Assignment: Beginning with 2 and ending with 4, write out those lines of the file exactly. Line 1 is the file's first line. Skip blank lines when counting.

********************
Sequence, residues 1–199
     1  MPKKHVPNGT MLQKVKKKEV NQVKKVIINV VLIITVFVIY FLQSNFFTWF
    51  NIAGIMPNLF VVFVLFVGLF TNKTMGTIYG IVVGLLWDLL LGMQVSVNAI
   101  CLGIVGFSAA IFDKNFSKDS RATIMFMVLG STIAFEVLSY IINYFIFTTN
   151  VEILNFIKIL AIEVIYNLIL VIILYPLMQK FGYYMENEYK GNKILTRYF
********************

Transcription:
     1  MPKKHVPNGT MLQKVKKKEV NQVKKVIINV VLIITVFVIY FLQSNFFTWF
    51  NIAGIMPNLF VVFVLFVGLF TNKTMGTIYG IVVGLLWDLL LGMQVSVNAI
   101  CLGIVGFSAA IFDKNFSKDS RATIMFMVLG STIAFEVLSY IINYFIFTTN